The Lee County School Board on Tuesday rescinded a controversial decision to opt out of all state-mandated testing.
The board reversed course after Lee County schools Superintendent Nancy Graham said the district could lose as much as $280 million in state funding. The Florida School Boards Association had also warned that thousands of high school students might be unable to graduate.
It was School Board member Mary Fischer who had a change of heart.
Fischer, who had sided with the 3-2 majority last week, called for the vote to be reconsidered Tuesday.
"It is not easy to sit up here and say I want to change my mind," Fisher said, adding that the board's initial vote "[had] multiple consequences that are not in the best interest of the students, the teachers, the district and the community at large."
The two other board members who voted against testing last week, Thomas Scott and Don Armstrong, remained unmoved.
"What we chose Wednesday the 27th was the right decision and I'll stick by that decision," Armstrong said.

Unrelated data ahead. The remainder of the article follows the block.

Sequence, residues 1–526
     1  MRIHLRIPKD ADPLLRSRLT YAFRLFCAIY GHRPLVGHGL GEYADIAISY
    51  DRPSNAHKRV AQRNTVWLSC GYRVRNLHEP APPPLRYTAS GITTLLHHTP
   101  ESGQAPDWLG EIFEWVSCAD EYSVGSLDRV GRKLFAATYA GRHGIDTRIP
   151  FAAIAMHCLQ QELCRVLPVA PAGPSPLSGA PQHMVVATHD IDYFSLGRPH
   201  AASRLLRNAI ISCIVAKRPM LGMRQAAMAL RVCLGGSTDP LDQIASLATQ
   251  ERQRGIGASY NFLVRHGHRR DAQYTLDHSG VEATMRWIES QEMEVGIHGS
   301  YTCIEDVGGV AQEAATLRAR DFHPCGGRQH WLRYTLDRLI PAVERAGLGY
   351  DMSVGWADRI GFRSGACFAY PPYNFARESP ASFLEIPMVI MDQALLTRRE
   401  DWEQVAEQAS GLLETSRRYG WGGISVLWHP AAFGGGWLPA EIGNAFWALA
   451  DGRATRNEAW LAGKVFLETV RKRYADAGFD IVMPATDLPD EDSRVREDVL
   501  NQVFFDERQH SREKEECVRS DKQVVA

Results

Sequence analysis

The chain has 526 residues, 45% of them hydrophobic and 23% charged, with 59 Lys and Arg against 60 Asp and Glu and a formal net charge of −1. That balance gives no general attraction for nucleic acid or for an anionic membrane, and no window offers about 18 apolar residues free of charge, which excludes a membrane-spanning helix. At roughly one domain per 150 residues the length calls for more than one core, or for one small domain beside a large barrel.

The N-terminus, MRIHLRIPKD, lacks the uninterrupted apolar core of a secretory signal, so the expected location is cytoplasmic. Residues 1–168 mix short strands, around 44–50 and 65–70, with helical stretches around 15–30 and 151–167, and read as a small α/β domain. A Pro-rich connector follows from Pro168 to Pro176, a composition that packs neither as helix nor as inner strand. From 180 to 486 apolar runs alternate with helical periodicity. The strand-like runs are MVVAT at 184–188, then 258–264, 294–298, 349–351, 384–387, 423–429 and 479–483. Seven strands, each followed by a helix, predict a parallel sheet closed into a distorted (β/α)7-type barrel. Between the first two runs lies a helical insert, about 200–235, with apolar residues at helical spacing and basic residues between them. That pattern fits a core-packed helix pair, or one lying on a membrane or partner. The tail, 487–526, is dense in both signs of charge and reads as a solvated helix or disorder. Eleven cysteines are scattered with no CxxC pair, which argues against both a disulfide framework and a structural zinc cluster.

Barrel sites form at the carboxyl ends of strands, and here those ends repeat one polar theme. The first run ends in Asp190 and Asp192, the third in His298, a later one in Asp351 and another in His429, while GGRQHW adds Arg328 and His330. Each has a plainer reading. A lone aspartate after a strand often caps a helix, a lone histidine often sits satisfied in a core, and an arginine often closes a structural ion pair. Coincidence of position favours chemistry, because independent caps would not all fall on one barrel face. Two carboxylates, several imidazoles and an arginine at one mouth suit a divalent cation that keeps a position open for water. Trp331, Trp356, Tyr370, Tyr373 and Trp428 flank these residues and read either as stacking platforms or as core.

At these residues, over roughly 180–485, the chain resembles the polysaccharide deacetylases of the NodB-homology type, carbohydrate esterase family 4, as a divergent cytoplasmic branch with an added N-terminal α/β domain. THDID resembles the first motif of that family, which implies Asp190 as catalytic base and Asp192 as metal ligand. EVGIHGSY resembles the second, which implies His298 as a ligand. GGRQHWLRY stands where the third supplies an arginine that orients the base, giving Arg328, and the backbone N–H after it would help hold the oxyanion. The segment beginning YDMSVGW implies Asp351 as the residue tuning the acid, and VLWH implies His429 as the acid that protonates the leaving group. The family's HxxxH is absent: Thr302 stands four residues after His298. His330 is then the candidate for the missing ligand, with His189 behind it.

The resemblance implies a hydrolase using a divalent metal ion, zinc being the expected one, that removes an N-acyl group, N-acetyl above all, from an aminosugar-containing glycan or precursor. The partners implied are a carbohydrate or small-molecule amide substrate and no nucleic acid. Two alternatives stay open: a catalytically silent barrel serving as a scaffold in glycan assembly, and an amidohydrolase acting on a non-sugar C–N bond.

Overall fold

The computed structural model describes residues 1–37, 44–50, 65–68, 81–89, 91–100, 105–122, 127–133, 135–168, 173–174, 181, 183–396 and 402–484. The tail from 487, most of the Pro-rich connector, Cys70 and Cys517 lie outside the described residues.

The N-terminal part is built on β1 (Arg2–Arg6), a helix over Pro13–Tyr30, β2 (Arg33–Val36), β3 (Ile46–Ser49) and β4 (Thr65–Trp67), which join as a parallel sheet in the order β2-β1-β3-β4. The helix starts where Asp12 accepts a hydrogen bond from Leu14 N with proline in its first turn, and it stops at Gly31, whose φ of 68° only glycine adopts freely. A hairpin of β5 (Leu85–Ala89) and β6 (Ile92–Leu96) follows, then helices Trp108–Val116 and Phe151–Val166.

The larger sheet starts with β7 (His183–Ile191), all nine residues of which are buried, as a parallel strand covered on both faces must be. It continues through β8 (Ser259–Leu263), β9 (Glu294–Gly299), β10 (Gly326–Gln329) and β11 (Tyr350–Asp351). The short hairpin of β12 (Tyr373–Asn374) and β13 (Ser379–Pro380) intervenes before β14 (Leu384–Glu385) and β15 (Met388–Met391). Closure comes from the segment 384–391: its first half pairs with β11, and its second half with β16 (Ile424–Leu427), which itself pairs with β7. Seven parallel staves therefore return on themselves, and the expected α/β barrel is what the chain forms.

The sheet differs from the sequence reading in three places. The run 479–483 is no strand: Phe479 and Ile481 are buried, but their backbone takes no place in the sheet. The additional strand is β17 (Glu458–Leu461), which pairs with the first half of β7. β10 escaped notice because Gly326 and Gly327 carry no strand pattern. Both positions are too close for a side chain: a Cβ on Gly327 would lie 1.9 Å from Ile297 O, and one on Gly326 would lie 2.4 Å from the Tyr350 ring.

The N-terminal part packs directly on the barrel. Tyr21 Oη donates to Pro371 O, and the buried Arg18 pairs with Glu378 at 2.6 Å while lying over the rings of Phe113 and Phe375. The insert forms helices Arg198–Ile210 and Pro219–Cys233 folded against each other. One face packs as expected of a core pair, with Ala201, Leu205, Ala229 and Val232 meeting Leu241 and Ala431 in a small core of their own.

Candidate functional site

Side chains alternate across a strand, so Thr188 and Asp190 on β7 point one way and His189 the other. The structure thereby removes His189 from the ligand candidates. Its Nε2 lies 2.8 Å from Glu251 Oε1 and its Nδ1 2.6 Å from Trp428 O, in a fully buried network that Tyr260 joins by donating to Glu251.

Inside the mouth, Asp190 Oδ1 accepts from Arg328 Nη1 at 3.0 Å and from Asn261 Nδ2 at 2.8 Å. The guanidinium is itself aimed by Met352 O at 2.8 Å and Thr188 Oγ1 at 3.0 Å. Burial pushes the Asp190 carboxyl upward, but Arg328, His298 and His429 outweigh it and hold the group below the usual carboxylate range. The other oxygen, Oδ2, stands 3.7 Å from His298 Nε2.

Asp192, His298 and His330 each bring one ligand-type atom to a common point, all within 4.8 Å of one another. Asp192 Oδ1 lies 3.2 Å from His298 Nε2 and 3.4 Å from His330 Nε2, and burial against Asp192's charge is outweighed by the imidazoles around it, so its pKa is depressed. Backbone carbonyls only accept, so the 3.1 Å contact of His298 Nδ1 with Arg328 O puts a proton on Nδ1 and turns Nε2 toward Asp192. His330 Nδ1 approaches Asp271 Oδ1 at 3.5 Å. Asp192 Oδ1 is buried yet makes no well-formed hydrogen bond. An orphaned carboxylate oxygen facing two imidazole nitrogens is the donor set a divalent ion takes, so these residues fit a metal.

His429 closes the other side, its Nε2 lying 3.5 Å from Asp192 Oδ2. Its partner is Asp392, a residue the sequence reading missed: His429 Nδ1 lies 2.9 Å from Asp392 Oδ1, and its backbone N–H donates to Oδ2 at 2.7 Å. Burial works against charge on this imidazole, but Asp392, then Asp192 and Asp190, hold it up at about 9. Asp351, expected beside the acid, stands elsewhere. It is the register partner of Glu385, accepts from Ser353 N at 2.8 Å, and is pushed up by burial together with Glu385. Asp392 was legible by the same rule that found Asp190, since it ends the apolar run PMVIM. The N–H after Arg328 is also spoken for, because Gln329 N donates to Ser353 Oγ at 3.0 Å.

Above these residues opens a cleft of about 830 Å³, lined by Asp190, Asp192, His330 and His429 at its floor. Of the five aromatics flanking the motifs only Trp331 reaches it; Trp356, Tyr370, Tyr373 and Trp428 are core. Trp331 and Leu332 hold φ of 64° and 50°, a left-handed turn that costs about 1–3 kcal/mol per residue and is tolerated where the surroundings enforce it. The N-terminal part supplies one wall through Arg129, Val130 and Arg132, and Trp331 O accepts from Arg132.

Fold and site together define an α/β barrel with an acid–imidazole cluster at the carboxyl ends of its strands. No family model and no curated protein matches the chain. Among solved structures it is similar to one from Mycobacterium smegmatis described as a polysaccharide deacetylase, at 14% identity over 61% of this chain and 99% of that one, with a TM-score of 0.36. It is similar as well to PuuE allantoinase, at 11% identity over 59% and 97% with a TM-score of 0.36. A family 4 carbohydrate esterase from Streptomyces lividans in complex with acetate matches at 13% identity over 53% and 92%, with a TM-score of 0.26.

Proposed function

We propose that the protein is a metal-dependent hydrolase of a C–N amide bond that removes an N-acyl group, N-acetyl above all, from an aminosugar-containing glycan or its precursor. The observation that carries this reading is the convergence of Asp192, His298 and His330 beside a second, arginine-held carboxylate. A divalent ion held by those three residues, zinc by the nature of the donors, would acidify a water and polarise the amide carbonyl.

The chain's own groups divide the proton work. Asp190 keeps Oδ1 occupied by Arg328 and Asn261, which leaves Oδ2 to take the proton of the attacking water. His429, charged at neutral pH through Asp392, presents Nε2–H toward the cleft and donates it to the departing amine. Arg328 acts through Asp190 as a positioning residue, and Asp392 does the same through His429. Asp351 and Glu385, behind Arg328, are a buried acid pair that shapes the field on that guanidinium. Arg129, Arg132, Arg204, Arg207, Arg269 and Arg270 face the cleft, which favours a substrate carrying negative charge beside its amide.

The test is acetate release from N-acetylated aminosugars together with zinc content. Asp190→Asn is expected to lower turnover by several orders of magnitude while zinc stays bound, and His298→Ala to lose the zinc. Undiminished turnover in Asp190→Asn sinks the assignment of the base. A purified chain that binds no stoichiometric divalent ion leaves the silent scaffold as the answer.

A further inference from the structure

More than 60 members of the public attended Tuesday's meeting. Many dressed in red to show their opposition to the state tests and Florida's new education benchmarks.
Emma Jane Miller, a former private-school teacher from Brandon, urged the school board to maintain its earlier position.
"Your decision to opt out of the testing was not rash, but necessary," she said.
Judd Cribbs, an assistant professor at Florida Gulf Coast University, said the state assessments had made public education in Florida "nothing more than fact regurgitation."
"Here's your chance to do what's right if you truly have students' best interest in mind," Cribbs told the board prior to the vote.
But some parents, including Stephanie Bloch, made the case for testing and accountability.
"While the Florida Standards may not be perfect, accountability is necessary," said Bloch, herself a graduate of the Lee County school system. "We should want for our children to achieve the highest level of which they are capable."